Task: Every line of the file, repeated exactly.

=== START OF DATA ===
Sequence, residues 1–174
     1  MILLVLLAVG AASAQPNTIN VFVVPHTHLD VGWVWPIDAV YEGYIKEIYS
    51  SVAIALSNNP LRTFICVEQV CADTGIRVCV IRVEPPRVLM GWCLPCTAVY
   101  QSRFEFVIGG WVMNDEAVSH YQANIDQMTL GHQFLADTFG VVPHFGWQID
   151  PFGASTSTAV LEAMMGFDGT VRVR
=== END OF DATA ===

Sequence, residues 1–174
     1  MILLVLLAVG AASAQPNTIN VFVVPHTHLD VGWVWPIDAV YEGYIKEIYS
    51  SVAIALSNNP LRTFICVEQV CADTGIRVCV IRVEPPRVLM GWCLPCTAVY
   101  QSRFEFVIGG WVMNDEAVSH YQANIDQMTL GHQFLADTFG VVPHFGWQID
   151  PFGASTSTAV LEAMMGFDGT VRVR